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Dynamically Access an Object Property Value

 
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I have a list of objects I am iterating thru. Each object has several int properties(fields).

Before my iteration loop begins I know which property that I want to return the value of.

In my loop syntax how can I set up the getter dynamically without massive if statements?

Here is where I am at so far but cannot see how to get the value.(The property value I need returned may be userp15)

 
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Well, I have to say that's quite a doozie of a code listing you got there.

What's wrong with just calling getUserP15()?

Also, there's something fundamentally wrong with a call that looks like this:

I hope that's just a typo because otherwise, what does that even mean? You'd never do someObject.toString().toString(), would you?
 
Steve Dyke
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Junilu Lacar wrote:Well, I have to say that's quite a doozie of a code listing you got there.

What's wrong with just calling getUserP15()?

Also, there's something fundamentally wrong with a call that looks like this:

I hope that's just a typo because otherwise, what does that even mean? You'd never do someObject.toString().toString(), would you?



Sorry had to leave the entire quote. Thanks for the feedback.

First, I am trying to make the getter dynamic because this method can take one of several values(the calling code could send userp12, userp55, userp75, etc.)

Second. I have a Default class that has EmployeeMasterList employeeMasterList object as a property.

The EmployeeMasterList class has a List(of EmployeeMaster objects) property called employeeMasterList
 
Junilu Lacar
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You really shouldn't assume people will be able to infer things from code like that. They might be able to guess but the more details you give, the easier it is to give helpful advice.

It seems to me that you're trying to use a String, which is what I'm guessing preferenceFieldName is, to figure out which getter method to invoke inside your loop. Using the Reflection API is one choice but it's not ideal. It's hard to justify using the Reflection API in business logic like this.

The obvious brute force way would be to have a series of if-else statements like so:

Since you'd only have a limited number of these getUserpXX() methods in EmployeeMaster, it's still manageable albeit a bit tedious when you have more than a few properties.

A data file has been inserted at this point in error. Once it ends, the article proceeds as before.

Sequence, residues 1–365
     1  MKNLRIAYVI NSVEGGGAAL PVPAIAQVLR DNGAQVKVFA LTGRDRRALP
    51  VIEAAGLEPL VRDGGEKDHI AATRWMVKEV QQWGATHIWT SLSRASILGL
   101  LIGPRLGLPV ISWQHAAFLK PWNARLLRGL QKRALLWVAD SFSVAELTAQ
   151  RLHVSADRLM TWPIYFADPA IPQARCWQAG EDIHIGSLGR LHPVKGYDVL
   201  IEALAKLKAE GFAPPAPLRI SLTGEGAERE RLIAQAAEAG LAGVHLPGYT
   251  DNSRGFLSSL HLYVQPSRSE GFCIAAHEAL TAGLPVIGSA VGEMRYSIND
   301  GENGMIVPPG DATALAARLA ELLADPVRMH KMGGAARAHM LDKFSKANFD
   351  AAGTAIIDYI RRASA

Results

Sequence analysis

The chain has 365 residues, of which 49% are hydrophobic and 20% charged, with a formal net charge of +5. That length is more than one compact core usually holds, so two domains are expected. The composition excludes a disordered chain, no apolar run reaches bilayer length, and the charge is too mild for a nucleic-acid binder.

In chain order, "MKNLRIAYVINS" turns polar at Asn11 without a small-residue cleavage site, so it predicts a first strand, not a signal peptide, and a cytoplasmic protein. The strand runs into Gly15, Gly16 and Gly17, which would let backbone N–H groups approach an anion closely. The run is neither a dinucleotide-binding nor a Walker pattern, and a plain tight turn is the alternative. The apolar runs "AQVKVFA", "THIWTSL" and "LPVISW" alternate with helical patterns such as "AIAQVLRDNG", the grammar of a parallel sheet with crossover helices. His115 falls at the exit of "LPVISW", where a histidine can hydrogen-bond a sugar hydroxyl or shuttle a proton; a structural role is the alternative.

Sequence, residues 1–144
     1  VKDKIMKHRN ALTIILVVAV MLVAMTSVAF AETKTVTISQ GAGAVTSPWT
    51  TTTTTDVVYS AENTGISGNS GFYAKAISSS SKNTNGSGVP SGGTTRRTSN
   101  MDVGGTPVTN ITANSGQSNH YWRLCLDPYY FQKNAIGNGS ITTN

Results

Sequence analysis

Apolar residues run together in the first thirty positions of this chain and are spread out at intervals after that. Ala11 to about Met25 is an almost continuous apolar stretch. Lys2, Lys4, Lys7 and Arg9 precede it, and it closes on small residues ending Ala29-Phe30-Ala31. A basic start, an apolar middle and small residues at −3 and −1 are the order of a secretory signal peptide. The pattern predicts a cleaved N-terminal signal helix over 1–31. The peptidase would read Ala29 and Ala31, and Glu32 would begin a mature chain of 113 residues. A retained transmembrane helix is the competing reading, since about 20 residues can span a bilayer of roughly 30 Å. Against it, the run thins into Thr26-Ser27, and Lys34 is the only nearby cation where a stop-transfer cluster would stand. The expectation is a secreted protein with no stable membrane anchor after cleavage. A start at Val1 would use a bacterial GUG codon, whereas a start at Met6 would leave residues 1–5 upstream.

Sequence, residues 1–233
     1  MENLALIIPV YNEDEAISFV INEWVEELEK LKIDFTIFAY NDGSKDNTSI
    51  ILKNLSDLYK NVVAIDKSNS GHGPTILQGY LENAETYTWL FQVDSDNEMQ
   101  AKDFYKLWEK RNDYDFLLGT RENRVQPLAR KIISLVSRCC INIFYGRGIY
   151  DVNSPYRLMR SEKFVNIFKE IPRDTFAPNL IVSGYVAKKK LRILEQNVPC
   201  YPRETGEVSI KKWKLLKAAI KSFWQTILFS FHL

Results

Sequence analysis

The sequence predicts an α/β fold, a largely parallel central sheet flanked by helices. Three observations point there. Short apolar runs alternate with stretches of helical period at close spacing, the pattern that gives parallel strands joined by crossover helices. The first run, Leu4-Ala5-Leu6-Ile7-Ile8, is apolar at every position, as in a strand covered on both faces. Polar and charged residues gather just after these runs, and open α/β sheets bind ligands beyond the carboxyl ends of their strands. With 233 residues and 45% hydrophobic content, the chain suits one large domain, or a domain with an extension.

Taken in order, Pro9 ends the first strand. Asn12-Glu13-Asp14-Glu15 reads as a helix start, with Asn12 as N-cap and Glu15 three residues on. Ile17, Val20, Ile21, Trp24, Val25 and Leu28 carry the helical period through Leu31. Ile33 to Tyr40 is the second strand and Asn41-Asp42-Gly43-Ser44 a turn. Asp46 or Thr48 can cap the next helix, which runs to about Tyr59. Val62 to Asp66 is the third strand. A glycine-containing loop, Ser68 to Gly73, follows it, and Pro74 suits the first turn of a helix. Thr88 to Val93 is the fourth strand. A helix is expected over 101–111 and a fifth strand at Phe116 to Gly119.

You might be able to use a Map<String, IntSupplier> and lambdas or method references to whittle a long if-else-if-else series of statements down to a few lines of code.
 
Steve Dyke
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Junilu Lacar wrote:

The obvious brute force way would be to have a series of if-else statements like so:



Thanks. I was really trying to avoid the brute force method, making it more flexible if more properties are added(currently there are 14).

I was hopping to be able to dynamically construct the .getUserpXX syntax.
 
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The code is confusing in many ways.

The declaration has nothing to do with the leading comment. In other words, userp12 isn't an object, it is a variable of primitive type int.

Also that line isn't the loop. Loop is somewhere down below. So I'd suggest remove those comments completely in order not to clutter code even more.

Class EmployeeMaster to me somehow doesn't read fluently. EmployeeMaster constructor accepting database Connection and ResultSet also isn't intuitive. Seems like this EmployeeMaster just facilitates some work space for the need of some dirty work to do.

You may want to explain in a bit more abstract words what are you trying to achieve?



 
Liutauras Vilda
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Not clear to me, where the preferenceField = preferenceFieldName; value, which is on the right hand side comes from?
 
Junilu Lacar
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Steve Dyke wrote: I was really trying to avoid the brute force method, making it more flexible if more properties are added(currently there are 14).

I was hopping to be able to dynamically construct the .getUserpXX syntax.


There's always Apache Commons BeanUtils: http://commons.apache.org/proper/commons-beanutils/

Better that than trying to roll your own Reflection API-based code.
 
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